The one consolation thatÂ gay Catholics have longÂ had is that the church hates only sin, not sinners. Yes, many of us are far from perfect, and like most married, heterosexual Catholics, we have been known to have sex without making a baby. But we were, as the Vatican assured us in official documents in 1975 and '86, "made in the image and likeness of God." The condition of homosexuality was, for many, "innate" and not in itself a sin. Gay people were "often generous and giving of themselves," said the Vatican, and the notion that gays could not lead celibate lives was an "unfounded and demeaning assumption." The bar on any gay sexual intimacy was still firm--but it was the same bar that prohibited heterosexual couples from using contraception, or single people from masturbating, or any other nonprocreative sexual act. It was a coherent, if difficult, doctrine--and not bigotry.
In this confined and often suffocating place, it was still possible, though never easy, to breathe the love of God as a gay Catholic. Our love of the church helped us overlook its institutional rejection of the relationships we built and the families who embraced us as equals. For many of us, the presence of gay priests also gave immense comfort. Of my three confessors in adult life, all turned out to be gay, although I had no idea in advance. I have known many gay priests, and I'm in awe of their service--to the poor and needy, to the lonely and uneducated, to prisoners and parishioners who have all found grace through their ministry and sacrifice. Often, their outsider experience helped them relate better to the marginalized or the lonely or those taken for granted.
Recall the image of Mychal Judge, the chaplain for New York City's firefighters, carried away from the World Trade Center in the arms of the brave men he ministered to. Judge, a proudly gay man, gave his life for those he served. Under new rules from Pope Benedict XVI issued last week, Father Judge would never have been ordained. Nor would thousands of other gay priests and bishops and monks and nuns who have served God's people throughout the ages.
In the past, all that mattered for a priest, as far as sexual orientation was concerned, was celibacy. If a priest kept his vows, it didn't really matter if he were refusing to have sex with a man or with a woman. All that mattered was that he kept his vows and had sex with no one.
But that has just changed. Even if a gay priest remains completely celibate, his sexual orientation is now regarded, according to a Vatican expert, as a threat to "priestly life." A gay celibate priest, according to the new rules, is incapable of "sexual maturity coherent with his masculine sexual identity." He has "a problem in the psychic organization" of his sexuality, barring him from priestly responsibility. Gay seminarians can be spotted and rooted out because they allegedly have "trouble relating to their fathers; are uncomfortable with their own identity; tend to isolate themselves; have difficulty in discussing sexual questions; view pornography on the Internet; demonstrate a deep sense of guilt; or often see themselves as victims." No serious psychological data are provided to verify those assertions (and many would surely apply to countless heterosexuals as well). What the new Pope has done is conflate a sin with an identity. He has created a class of human beings who, regardless of what they do, are too psychologically and thereby morally "disordered" to become priests.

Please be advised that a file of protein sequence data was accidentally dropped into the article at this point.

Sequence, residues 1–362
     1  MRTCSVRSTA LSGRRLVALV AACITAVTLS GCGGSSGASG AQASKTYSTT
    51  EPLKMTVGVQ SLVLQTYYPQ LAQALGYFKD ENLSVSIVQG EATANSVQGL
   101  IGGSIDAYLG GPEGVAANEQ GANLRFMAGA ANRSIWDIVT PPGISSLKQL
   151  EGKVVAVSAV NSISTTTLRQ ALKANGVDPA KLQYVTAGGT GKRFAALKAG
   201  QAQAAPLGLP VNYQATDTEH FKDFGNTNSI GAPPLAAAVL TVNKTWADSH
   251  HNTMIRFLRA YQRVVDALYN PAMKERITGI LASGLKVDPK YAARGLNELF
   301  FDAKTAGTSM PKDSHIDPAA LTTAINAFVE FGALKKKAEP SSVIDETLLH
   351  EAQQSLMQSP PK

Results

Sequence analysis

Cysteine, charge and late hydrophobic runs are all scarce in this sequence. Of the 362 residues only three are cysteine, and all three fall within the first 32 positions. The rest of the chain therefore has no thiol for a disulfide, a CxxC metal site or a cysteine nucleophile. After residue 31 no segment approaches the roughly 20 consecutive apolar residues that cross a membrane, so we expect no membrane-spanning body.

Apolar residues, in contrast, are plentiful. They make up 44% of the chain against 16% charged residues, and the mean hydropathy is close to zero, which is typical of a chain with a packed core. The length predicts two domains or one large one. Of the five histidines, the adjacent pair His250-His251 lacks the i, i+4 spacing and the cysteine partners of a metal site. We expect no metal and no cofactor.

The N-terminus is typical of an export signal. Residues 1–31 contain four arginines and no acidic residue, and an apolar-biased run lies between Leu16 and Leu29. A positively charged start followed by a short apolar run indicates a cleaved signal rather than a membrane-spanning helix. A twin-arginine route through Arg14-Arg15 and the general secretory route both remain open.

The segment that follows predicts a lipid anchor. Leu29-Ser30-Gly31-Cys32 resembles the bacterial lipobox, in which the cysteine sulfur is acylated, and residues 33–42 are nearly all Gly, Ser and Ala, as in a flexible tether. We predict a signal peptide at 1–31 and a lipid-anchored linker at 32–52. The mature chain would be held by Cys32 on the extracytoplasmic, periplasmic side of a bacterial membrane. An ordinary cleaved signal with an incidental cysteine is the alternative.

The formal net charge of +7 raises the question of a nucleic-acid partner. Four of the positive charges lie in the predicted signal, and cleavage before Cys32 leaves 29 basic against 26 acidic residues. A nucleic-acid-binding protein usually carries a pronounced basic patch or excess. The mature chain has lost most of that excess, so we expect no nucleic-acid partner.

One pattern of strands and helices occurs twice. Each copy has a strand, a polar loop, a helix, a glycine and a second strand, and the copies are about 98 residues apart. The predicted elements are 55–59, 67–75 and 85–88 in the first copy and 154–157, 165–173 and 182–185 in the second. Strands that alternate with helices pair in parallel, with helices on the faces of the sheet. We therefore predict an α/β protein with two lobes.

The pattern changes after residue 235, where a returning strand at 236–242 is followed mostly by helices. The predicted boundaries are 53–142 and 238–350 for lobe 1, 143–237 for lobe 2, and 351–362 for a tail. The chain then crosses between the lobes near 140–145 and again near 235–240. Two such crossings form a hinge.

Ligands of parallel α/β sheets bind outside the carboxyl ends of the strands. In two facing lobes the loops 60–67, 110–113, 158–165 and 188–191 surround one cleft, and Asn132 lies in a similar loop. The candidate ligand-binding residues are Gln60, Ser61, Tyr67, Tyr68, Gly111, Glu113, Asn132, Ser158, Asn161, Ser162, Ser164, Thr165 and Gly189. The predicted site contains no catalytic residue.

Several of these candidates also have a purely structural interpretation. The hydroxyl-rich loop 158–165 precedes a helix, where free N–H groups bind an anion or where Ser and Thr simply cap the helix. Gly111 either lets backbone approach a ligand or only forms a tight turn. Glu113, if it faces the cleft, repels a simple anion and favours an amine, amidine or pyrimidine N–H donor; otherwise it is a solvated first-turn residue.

There is a simple principle here. The message of Jesus was always to ignore the stereotype, the label, the identity--in order to observe the soul beneath, how a person actually behaves. One of his most famous parables was that of the Good Samaritan, a man who belonged to a group despised by mainstream society. But it was the despised man who did good, while all the superficially respected people walked on by. Jesus consorted with all of society's undesirables--with tax collectors, collaborators with an occupying power, former prostitutes, lepers. His message was that God's grace knows no boundaries of stigma, that with God's help, we can all live by the same standards and receive the grace that comes from his love.
The new Pope has now turned that teaching on its head. He has identified a group of people and said, regardless of how they behave or what they do, they are beneath serving God. It isn't what they do that he is concerned with. It's who they are. They are the new Samaritans. And all of them are bad.
Andrew Sullivan's blog, the Daily Dish, can be found at andrewsullivan.com